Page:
Bullying at Work: The Ultimate Guide To Handle It
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Dealing with bullying at work? If so, you’re not alone.
Bullying at Work: A Statistical Breakdown
According to the Workplace Bullying Institute, 30 percent of American adults reported being bullied at work in 2021. This means that 76.3 million U.S. workers experienced workplace bullying last year alone.
Anyone can become a target for bullying. However, the likelihood of being affected differs along gender and racial lines. For example, a majority of both bullies (67 percent) and targets (51 percent) are males. Female bullies target other women 65 percent of the time. And the rate of bullying for Hispanics is higher than for other races (35 percent).
Why Does Bullying at Work Go Unreported?
Workplace bullying causes stress. It also affects the self-esteem and work performance of those targeted. Unfortunately, many employees who experience bullying still hesitate to report it or take legal action.
The reasons for hesitation are complex, but may include:
- fear of retribution
- fear of victim-blaming or being seen as the “real” problem
- lack of confidence in the reporting system
- little evidence that reports are acted on
- lack of support from fellow employees
Are you currently experiencing bullying at work? If not, have you ever witnessed workplace bullying in action?
No matter your answer, it’s important that you understand the definition of bullying. You should also familiarize yourself with the major types of bullying. Additionally, you need to know how bullying impacts the overall work environment.
After all, evidence suggests that we must all band together to end workplace bullying.
What Exactly Is Workplace Bullying?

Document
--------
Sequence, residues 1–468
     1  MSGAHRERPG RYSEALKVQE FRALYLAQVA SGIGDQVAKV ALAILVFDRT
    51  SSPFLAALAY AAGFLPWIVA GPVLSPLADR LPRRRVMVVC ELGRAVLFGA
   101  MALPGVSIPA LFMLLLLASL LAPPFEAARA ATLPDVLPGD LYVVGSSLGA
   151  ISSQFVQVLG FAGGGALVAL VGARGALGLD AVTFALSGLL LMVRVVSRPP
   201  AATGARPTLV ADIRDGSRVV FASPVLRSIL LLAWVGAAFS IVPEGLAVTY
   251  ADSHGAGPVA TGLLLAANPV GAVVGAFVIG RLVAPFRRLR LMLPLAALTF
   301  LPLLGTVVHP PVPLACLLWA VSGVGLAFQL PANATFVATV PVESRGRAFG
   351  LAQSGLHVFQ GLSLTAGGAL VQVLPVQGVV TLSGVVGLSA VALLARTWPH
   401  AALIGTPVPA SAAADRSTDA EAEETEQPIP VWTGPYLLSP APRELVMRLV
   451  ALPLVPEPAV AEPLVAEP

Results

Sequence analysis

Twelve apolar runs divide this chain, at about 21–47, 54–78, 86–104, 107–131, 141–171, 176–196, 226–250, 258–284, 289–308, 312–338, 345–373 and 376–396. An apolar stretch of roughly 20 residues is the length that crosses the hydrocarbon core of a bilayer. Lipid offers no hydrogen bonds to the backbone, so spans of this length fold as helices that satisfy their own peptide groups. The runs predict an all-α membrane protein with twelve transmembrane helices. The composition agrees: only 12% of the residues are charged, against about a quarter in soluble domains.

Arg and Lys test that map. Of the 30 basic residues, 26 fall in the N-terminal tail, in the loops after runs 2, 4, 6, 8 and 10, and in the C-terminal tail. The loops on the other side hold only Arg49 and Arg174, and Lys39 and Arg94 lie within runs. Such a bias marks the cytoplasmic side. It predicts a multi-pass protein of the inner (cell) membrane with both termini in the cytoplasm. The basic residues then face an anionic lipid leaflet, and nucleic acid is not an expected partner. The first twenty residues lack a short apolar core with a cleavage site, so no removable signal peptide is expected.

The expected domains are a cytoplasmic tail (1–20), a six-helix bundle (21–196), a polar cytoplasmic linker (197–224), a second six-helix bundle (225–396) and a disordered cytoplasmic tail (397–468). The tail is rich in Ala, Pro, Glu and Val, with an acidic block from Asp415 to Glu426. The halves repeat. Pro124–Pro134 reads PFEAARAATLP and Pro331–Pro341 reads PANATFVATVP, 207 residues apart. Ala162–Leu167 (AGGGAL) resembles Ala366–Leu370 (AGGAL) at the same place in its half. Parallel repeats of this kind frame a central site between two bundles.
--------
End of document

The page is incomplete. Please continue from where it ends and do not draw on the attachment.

Bullying is separate and distinct from other toxic workplace behaviors. It has its own dynamic, so it should be handled with a different approach than other kinds of harassment.
Workplace bullying is “a type of aggression wherein there is an imbalance in power.” In other words, the bully “holds the power” over their victim.
As mentioned above, victims often hesitate to report bullying because they fear retribution and lack confidence in the reporting system. Can you guess why they feel this way? That’s right: the basic power imbalance between victims and their bullies.
Bullying at Work: An Example Scenario
Consider the following scenario: Angela’s team leader bullies her at work. He treats her rudely and makes disrespectful jokes about her weight. Additionally, he often singles her out for the hardest and least rewarding tasks.
When Angela spoke up and questioned him in the past, he publicly berated and shamed her. Moreover, he doubled down on his bullying behaviors.
Angela feels discouraged. After all, standing up for herself backfired. Even worse? The silence of her coworkers showed her that she couldn’t count on their support or advocacy. And if she reports the behavior to human resources? She could risk her job and livelihood.
No wonder Angela feels stuck. Short of advocacy or intervention, her situation is unlikely to improve.
How to Identify Bullying at Work
Want to protect yourself — and your coworkers — from bullying at work? Start by learning to recognize the three basic types of bullying and their signs.
The 3 Types of Workplace Bullying
The many forms of workplace bullying fit into three general categories. We break down each type below, so keep reading to learn more.
1. Physical Bullying
Despite its name, physical bullying doesn’t have to involve physical contact to impact a victim. Make no mistake: pushes, shoves, punches, slaps, and shoulder shoves do qualify as physical bullying. But this type of bullying also occurs when a perpetrator uses their size or strength to intimidate a victim.
Here are some examples of physical bullying:
- towering over someone
- moving threateningly into someone’s personal space
- hovering closely after someone has stepped away or asked the perpetrator to step back
2. Verbal Bullying
Verbal bullying is much more common than physical bullying and can be totally demoralizing. It includes yelling, shouting, belittling, and tearing down the victim. Verbal bullying also includes direct threats like the use of racial slurs. Finally, it includes derogatory comments about someone’s physical appearance — or even ethnic and religious slurs.
It’s important to note that verbal bullying isn't always face to face. It also includes gossip and slander. Verbal bullying is closely related to social bullying and can be more subtle than other forms. Nevertheless, it can be very detrimental to the victim. For example, it can have long-term impacts on their mental health.